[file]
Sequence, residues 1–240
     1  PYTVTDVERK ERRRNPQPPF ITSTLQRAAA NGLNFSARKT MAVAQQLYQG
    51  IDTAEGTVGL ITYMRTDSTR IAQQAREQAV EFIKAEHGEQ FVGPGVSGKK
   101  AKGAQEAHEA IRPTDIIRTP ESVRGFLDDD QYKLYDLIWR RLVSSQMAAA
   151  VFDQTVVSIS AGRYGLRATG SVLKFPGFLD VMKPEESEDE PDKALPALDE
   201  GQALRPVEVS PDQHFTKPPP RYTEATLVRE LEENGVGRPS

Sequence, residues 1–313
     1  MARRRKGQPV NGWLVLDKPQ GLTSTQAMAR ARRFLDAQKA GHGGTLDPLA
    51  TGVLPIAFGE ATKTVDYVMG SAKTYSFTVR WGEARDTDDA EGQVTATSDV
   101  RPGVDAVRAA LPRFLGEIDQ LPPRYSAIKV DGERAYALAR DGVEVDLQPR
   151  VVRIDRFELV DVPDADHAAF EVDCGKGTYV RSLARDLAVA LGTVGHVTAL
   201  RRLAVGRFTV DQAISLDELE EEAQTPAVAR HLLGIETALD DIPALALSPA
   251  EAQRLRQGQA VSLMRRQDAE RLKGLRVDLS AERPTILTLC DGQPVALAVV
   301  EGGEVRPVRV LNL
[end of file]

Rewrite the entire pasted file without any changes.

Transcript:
Sequence, residues 1–240
     1  PYTVTDVERK ERRRNPQPPF ITSTLQRAAA NGLNFSARKT MAVAQQLYQG
    51  IDTAEGTVGL ITYMRTDSTR IAQQAREQAV EFIKAEHGEQ FVGPGVSGKK
   101  AKGAQEAHEA IRPTDIIRTP ESVRGFLDDD QYKLYDLIWR RLVSSQMAAA
   151  VFDQTVVSIS AGRYGLRATG SVLKFPGFLD VMKPEESEDE PDKALPALDE
   201  GQALRPVEVS PDQHFTKPPP RYTEATLVRE LEENGVGRPS

Sequence, residues 1–313
     1  MARRRKGQPV NGWLVLDKPQ GLTSTQAMAR ARRFLDAQKA GHGGTLDPLA
    51  TGVLPIAFGE ATKTVDYVMG SAKTYSFTVR WGEARDTDDA EGQVTATSDV
   101  RPGVDAVRAA LPRFLGEIDQ LPPRYSAIKV DGERAYALAR DGVEVDLQPR
   151  VVRIDRFELV DVPDADHAAF EVDCGKGTYV RSLARDLAVA LGTVGHVTAL
   201  RRLAVGRFTV DQAISLDELE EEAQTPAVAR HLLGIETALD DIPALALSPA
   251  EAQRLRQGQA VSLMRRQDAE RLKGLRVDLS AERPTILTLC DGQPVALAVV
   301  EGGEVRPVRV LNL